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              The Fallacies Behind Data Breach Prevention

              Organizations are not helpless against data breaches. Learn how preparation and preventative measures can help minimize data breach losses.

              Imagine someone knowing a hurricane is heading their way, yet they do little more than board up the windows to protect themselves.

              In effect, that's what nearly half of companies do to protect their networks from attackers. After surveying how organizations are handling prevention, a September SANS report, Data Breaches: Is Prevention Practical, concludes that although most respondents know of many preventative cybersecurity measures, they only implement a few. Less than 40 percent of respondents surveyed have implemented "business measures" that more than 50 percent of respondents consider preventive. Business measures are those tied to the mission of an organization, providing visibility into its security posture and its approach to risk analysis and management. Most respondents said they consider robust testing, development plans and procedures as preventive, but only half said they have implemented these architectural measures.

              That disconnect between understanding and implementation may seem counterintuitive, especially in the world of cybersecurity. However, as the report stated: "Apparently, respondent experience with a measure shows a certain disenchantment with a measure's ability to prevent. Although more than 80 percent (around 81 percent) of respondents have implemented technology that blocks known malware and vulnerability exploits, slightly less than 50 percent consider these technical measures effective."

              That means around 19 percent of respondents aren't using technology to block threats. That less than 50 percent of respondents said they consider preventive technology to be effective shows that there is a fundamental misunderstanding around security. Perhaps these organizations are looking for the perfect solution that guarantees no breaches, but -- just as in life -- there are no guarantees in security. However, that's no excuse for giving up. Securing a network is like dressing for war where temperatures hover around 25 degrees below zero. Simply wearing gloves won't protect you. Neither will just wearing an undershirt. The cold, wind and rain are going to hit you from all sides, so you must protect your head, hands, feet, your entire body, and dress in many layers to protect yourself. There may be a bare minimum dress rule dictated by the military, but if you want to stay as warm as possible, you need to focus on staying warm rather than just meeting the minimum requirements. The same goes for being in compliance with regulatory requirements. Just being in compliance is not enough to secure a network. When you secure your network, you will meet compliance requirements.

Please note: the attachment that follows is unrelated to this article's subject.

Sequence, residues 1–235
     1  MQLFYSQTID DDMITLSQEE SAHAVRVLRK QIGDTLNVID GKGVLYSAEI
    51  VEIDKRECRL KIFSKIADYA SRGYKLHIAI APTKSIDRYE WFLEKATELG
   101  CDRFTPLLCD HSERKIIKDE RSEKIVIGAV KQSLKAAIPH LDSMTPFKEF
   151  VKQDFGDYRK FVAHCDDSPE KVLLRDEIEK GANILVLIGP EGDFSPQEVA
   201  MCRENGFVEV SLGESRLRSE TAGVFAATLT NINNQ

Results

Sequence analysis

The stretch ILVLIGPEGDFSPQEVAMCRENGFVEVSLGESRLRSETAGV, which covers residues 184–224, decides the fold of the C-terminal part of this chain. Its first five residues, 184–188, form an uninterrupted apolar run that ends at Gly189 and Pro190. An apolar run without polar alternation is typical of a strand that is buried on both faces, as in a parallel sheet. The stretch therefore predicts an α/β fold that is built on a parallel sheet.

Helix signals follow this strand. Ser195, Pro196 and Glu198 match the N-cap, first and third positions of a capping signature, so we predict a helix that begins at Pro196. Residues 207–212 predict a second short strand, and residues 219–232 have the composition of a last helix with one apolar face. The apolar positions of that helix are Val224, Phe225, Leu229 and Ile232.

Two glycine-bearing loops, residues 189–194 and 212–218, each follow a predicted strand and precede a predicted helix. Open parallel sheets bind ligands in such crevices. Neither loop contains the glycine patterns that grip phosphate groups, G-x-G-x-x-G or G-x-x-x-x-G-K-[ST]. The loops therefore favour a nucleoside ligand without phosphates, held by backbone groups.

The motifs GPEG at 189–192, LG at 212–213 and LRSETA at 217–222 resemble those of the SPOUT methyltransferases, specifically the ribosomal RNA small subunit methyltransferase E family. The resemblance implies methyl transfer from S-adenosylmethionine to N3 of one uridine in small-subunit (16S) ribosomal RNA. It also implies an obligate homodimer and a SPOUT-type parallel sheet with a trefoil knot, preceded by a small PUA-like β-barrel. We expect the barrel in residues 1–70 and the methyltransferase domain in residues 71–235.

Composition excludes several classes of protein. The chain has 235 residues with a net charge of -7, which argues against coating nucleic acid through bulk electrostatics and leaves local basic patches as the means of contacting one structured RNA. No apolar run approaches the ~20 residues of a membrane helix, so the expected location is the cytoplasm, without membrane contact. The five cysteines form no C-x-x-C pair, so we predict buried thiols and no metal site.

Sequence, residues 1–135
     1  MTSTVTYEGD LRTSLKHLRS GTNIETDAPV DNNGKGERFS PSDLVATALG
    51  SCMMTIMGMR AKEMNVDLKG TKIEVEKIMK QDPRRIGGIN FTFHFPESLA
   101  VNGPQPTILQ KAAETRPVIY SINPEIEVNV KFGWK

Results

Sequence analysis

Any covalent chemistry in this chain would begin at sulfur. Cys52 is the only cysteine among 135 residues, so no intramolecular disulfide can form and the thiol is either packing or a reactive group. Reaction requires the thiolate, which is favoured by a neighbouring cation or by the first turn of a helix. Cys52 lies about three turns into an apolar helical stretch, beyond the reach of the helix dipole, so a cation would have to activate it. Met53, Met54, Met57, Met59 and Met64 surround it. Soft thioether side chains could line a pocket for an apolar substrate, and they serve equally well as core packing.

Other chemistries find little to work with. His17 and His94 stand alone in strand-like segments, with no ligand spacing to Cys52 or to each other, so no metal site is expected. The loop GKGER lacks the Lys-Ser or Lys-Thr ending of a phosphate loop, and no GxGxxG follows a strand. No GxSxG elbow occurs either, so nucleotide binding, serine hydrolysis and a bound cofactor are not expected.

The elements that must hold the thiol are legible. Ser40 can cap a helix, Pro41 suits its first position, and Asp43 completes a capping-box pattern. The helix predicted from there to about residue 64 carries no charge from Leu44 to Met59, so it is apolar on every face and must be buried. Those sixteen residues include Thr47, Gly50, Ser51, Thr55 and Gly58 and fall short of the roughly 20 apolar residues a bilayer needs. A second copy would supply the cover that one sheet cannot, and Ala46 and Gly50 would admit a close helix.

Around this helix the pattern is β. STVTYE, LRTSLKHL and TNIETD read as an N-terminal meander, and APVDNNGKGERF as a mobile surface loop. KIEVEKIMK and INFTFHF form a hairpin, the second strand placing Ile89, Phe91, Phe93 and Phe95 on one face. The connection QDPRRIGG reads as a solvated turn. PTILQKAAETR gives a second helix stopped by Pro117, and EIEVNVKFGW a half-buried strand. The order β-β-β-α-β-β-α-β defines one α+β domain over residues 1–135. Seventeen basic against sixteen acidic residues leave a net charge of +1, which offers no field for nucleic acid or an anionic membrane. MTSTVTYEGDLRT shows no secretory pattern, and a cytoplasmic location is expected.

Companies that don't take preventive measures because attackers can get in anyway don't seem to understand that they must take numerous precautions to secure their networks. If you're out in sub-freezing temperatures all day, you'd better dress in many layers, and bring first aid solutions, like thermal hand and feet warmers just in case you get frost bitten. You don't give up and say, "To heck with it. It's 25 degrees below freezing and I'm doomed."

              Just like gloves won't always protect your fingers, security preventions won't always protect your network. That's why you have detection technologies and security analysts working for you when your prevention technologies fail. With Advanced Endpoint Threat Detection and 24-hour network monitoring, you can quickly spot enemies before they can access your most valuable data.

              There is no point where your network is absolutely secure, just as there's no point where your body is absolutely safe when you're fighting a battle in sub-freezing temperatures. Security is war, and you can't just give up. It takes layers of security to fend off the enemy, but you can stop them. At SecureWorks, we do that every day. 

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